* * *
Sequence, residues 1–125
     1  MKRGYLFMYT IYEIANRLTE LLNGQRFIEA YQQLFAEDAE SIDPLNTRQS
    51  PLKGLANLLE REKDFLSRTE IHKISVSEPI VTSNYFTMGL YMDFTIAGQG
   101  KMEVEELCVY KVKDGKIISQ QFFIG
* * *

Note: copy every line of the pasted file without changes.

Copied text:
Sequence, residues 1–125
     1  MKRGYLFMYT IYEIANRLTE LLNGQRFIEA YQQLFAEDAE SIDPLNTRQS
    51  PLKGLANLLE REKDFLSRTE IHKISVSEPI VTSNYFTMGL YMDFTIAGQG
   101  KMEVEELCVY KVKDGKIISQ QFFIG